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Cooling Your Home in the Summer with a Few Simple Makeovers

10th Aug 2022

Cooling Your Home in the Summer 

with a Few Simple Makeovers

June 24, 2022 by Renz Andrew

Introduction

In the summer, when the temperature increases, so does the expense of cooling, especially if you use air conditioners. You may certainly use it to keep your rooms cool, but there are various alternative solutions that can help you save a lot of money on your energy costs. In terms of the environment, air conditioners may provide short relief from the heat, but they aren't the best option. Instead of using the air conditioner this summer, consider these eco-friendly options to save money.

Home Cooling Ideas in Summer
  • Insulate your home: Actis insulation and weather-stripping may be used to insulate your ceilings, walls, and attic. It adequately seals the doors and windows to keep your rooms cool for a long time by preventing heat drafts and air leaks. It has the potential to reduce your energy consumption by up to 45%. As a result, insulating your home has become a wise decision to save money on energy expenses in the future.
  • Use awnings: In warmer areas, awnings have been shown to minimize solar heat gain and save up to 26% on cooling energy, potentially reducing the need for air conditioning.
  • Paint your roof white: Instead of absorbing UV rays, white roofs reflect them. If you have a roof that has heat-reflective surfaces on it, you may save a lot of money.
  • Get an attic fan: Even if you spend a lot of money on air conditioning, your home still retains a lot of heat. As a result, most of the time, having a proper ventilation system can eliminate the need for air conditioning.
  • Use outdoor Kitchens: Cooking hot meals indoors is not a good idea in the summer since stoves may produce a lot of heat, which you don't want in your home. It doesn't make sense to heat a room with a stove and then switch on the air conditioner to cool it down. As a result, outdoor kitchens are an excellent option.
  • Turn your ceiling fan counter-clockwise: Whether you are aware of it or not, turning your ceiling fan counter-clockwise improves airflow and is a truth you should be aware of. In other words, it'd feel more chill.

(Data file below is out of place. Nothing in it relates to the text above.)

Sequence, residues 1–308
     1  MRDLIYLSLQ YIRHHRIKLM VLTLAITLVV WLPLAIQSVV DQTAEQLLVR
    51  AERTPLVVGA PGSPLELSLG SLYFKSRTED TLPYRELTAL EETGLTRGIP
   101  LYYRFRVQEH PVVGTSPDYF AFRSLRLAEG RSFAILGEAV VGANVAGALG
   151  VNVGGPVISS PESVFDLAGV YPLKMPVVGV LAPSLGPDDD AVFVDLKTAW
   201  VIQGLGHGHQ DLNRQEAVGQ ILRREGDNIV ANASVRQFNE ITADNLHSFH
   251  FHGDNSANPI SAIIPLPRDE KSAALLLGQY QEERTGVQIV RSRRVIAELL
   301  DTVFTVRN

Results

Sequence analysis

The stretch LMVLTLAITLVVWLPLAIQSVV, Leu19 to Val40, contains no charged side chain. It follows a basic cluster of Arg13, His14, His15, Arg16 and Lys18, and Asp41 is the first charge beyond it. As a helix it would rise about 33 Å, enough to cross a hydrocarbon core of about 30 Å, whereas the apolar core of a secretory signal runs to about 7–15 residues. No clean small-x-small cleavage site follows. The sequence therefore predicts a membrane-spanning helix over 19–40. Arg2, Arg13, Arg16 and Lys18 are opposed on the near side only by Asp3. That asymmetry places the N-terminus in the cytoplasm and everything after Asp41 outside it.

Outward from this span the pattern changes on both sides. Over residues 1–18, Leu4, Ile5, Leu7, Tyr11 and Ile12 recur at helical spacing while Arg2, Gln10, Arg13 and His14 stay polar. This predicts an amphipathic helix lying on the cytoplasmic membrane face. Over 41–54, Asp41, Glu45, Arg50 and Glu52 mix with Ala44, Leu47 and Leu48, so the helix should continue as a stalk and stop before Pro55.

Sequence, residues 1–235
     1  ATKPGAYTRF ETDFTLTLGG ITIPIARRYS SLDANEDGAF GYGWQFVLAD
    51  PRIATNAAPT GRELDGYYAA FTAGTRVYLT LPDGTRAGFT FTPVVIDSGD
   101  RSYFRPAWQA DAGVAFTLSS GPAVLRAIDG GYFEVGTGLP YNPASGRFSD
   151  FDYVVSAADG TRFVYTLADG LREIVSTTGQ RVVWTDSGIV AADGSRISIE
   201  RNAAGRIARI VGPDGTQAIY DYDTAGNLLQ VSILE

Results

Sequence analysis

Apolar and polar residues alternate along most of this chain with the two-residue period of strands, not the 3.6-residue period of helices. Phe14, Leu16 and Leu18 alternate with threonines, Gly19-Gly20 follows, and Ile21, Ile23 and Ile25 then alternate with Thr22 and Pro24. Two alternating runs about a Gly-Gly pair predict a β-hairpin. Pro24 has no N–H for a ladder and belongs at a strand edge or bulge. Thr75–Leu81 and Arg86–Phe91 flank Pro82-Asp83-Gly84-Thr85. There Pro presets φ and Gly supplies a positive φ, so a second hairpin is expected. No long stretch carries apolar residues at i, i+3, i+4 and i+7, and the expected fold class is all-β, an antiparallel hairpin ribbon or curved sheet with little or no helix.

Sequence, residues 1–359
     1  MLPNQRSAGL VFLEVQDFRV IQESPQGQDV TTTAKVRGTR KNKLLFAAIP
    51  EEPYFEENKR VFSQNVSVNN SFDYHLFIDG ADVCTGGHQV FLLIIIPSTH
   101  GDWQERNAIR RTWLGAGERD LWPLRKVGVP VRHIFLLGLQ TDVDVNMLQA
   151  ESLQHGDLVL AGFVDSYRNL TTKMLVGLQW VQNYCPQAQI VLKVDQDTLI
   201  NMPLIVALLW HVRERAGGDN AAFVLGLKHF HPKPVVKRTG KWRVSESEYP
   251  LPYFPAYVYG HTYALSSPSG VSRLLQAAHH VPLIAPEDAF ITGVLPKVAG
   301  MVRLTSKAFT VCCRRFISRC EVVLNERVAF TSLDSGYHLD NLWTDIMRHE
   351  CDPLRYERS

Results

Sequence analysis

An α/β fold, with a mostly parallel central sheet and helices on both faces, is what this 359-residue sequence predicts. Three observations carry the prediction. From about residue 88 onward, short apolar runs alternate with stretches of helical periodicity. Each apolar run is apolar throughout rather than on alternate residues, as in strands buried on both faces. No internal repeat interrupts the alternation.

• Don't use incandescent bulbs: Because incandescent bulbs lose roughly 90% of their energy in the form of heat, switching to CFLs might save you money by keeping your home cool and decreasing your power bill.
  • Turn on the exhaust fans: In order to keep your rooms cooler, turn on your bathroom fans or kitchen exhaust fans. Both of these can draw the hot air that rises as a result of cooking or steamy showers.

You may make these two improvements to keep your house cooler for years to come if you're really devoted to keeping it cool in the summer and saving money.

Significance of Ventilation and Insulation in Passive House Construction

Passive design is a pattern of home design that does not require auxiliary heating or cooling, and it accounts for over 40% of energy waste in UK homes. This home design makes advantage of a building's location, climate, and materials to reduce energy consumption. It adjusts to the local climate and site conditions to maximize the comfort and health of building occupants. Passive house ushers in a new era of high-performance green building that is both efficient and cost-effective in 21st-century building science.


It is impossible to overestimate the importance of passive design. This is a ground-breaking method that necessitates a methodical and scientific approach to design and construction. Passive design tries to reduce heat loss in homes by improving the building's thermal performance. Reflective or multifoil insulation, as well as suitable ventilation material in the floor, wall, attic, and window, are used to achieve this.

Ventilation's Role in Passive Design

During the day and at night, ventilation is an excellent approach to reduce the internal thermal mass of a building. If you're concerned about air quality, you should know that the law mandates it. Air movement, evaporative cooling, and thermal mass are all used in this passive cooling design concept. As a result, take the airflow through the house in mind when planning. In a nutshell, home ventilation successfully removes warm air while trapping cool air.

Insulation's role in passive design

Air leakage is responsible for 15 to 25% of winter heat loss and a considerable amount of cooling loss in buildings. Insulation is usually very important in this situation. It can isolate one side of the building's temperature, ensuring that the hot or cold air is totally trapped inside. It functions as a heat barrier, keeping the house warm in the winter and cool in the summer. Some materials are efficient at weatherproofing and soundproofing a home. Insulation used in passive design promotes year-round comfort while lowering heating and cooling costs.

In a passive design, the right location for insulation is crucial.

Experts recommend insulating the walls, ceilings, and floors, as well as creating a thermal envelope throughout the house. To properly transfer the energy, it should have a strong combination of reflective and bulk insulation. Kingspan insulation, as well as stumps and joist frames, can be used to insulate the floor. The optimum level of insulation, as well as the type to choose: bulk, reflective, or composite, is also determined by the climatic conditions.


Insulation and ventilation are both smart choices in passive house design. Two of them circulate air throughout the house, transporting heat from the outside and trampling it inside. When compared to other types of construction, passive house construction has a high rate of success. As a result, get the best materials online and create a home that does not rely on mechanical devices to save energy.

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